- Studying Law at Yale
- Our Faculty
Centers & Workshops
- Centers & Workshops
- Paul Tsai China Center
- Cultural Cognition Project
- Debating Law and Religion Series
- Global Health Justice Partnership
- Gruber Program for Global Justice and Women’s Rights
- Human Rights Workshop: Current Issues & Events
- Information Society Project
- John M. Olin Center for Law, Economics and Public Policy
- The Justice Collaboratory
- Abdallah S. Kamel Center for the Study of Islamic Law and Civilization
- Law, Economics & Organization Workshop
- Legal History Forum
- Legal Theory Workshop
- The Arthur Liman Public Interest Program
- Middle East Legal Studies Seminar
- The Oscar M. Ruebhausen Fund
- Orville H. Schell, Jr. Center for International Human Rights
- Robina Foundation Human Rights Fellowship Initiative
- The Solomon Center for Health Law and Policy
- Yale Center for Law and Philosophy
- Yale Center for Environmental Law and Policy
- Yale Law School Center for Global Legal Challenges
- Yale Law School Center for the Study of Corporate Law
- Yale Law School Center for the Study of Private Law
- Yale Law School Latin American Legal Studies
- Quinnipiac-Yale Dispute Resolution Workshop
- Bert Wasserman Workshop in Law and Finance
- Workshop on Chinese Legal Reform
- Student Life
- YLS Today
- Info For
Yale Law School Liman Fellowship Application Process
Deadline for 2017-2018 Liman Fellowship Applications: Monday, January 23, 2017
All graduates of the Yale Law School are eligible to apply, as are third-year students.
Applications are considered by the Liman Fellowship Selection Committee, chaired by Judith Resnik, the Arthur Liman Professor of Law. In reviewing each application, the Committee considers several factors, including experience in using law to further the public interest (whether in public service organizations; government service; education, including law school clinics; or the private sector); competence in the areas covered by the proposed Fellowship project; leadership capabilities; academic accomplishments; references; and a demonstrated commitment to public service. In addition, the Committee evaluates the need for the proposed Fellowship project, its potential impact, and the capacity of both the applicant and the sponsoring organization, if any, to implement it.
Prior to submitting an application, applicants are strongly urged to contact Johanna Kalb, the Director of the Liman Program, to discuss their proposed Fellowship project. Applicants are also encouraged to review successful submissions from previous years on the CDO website.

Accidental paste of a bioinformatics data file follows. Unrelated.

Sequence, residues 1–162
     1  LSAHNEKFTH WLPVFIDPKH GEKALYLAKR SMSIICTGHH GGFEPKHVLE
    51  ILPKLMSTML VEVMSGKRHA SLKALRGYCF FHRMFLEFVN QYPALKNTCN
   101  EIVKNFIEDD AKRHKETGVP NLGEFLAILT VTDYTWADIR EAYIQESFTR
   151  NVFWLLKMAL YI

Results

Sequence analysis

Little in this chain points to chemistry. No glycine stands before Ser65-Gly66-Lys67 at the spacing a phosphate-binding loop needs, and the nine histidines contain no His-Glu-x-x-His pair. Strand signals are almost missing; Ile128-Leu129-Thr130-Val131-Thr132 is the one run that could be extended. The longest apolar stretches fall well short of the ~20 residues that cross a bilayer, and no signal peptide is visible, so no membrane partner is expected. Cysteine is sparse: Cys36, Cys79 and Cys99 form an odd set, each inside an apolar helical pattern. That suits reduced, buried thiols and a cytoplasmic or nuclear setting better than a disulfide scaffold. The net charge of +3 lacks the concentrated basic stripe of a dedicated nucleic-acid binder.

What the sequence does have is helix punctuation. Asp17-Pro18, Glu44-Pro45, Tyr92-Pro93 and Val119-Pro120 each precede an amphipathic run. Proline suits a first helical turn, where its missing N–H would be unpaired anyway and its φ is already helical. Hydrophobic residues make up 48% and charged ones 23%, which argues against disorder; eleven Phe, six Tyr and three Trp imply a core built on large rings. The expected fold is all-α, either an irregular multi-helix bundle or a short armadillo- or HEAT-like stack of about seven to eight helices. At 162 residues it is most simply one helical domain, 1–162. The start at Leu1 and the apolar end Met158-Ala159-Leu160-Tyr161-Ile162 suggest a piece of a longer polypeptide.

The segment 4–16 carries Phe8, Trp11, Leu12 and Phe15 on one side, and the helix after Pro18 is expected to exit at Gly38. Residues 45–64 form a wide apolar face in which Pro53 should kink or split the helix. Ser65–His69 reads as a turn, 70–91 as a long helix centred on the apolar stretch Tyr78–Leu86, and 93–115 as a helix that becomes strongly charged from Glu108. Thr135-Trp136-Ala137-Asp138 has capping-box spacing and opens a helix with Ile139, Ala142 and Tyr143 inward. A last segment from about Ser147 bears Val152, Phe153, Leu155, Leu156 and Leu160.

All documents must be in Courier New 12 pt and in PDF format.
Incomplete applications will not be considered. A complete application will include:
- A short statement describing:
- prior experiences in public interest law.
- prior experiences that demonstrate or fostered the applicant’s commitment to public service.
- aspirations for future public interest work. Rather than restate one’s resume, applicants are encouraged to submit a thematic or focused essay.
- A proposed plan for the Fellowship year, which must include either the creation of a new legal project or a commitment (contingent on funding) to work at an ongoing one. The applicant should specify the need for the project, individual goals to be met by the project, how the goals will further the public interest, and how they will be accomplished in a year’s time. A proposed timeline for the year is strongly encouraged.
- A list of people —including current or former Liman Fellows—whom the applicant consulted in preparing the application.
- A statement of other Fellowships to which the applicant has applied and the status of those applications as well as expected plans should the applicant not obtain a Liman Fellowship.
- A resume, preferably including a list of additional references from prior employers.
- The applicant’s official Yale Law School transcript should be sent directly from the Registrar's office to Christine Mullen in J35
- A letter from the applicant’s sponsoring organization, if any, detailing:
- a general statement of its organizational purpose and mission
- its interest in and commitment to the project
- the resources provided for the project
- the Fellow’s work environment, describing individual or shared work space and support staff
- the Fellow’s immediate supervisor and plans for supervision
- the supervisor’s experience in the substantive area of the Fellowship project
- specific plans for the Fellow’s training and professional development during the fellowship year
- whether the organization will provide benefits for the Fellow. If the organization is not able to provide health coverage, the organization should provide a clear explanation. All host organizations must provide malpractice coverage to cover any Fellow’s activities during the course of the Fellowship. The sponsoring organization may also include general materials about its work.
- At least three letters of recommendation. Two letters should be from current or former professors or other persons associated with Yale Law School. The third should be from an employer or someone familiar with the applicant’s recent job experience and legal work. Recommenders should email their letters directly to email@example.com. The recommendation letters should also be in Courier New 12 or larger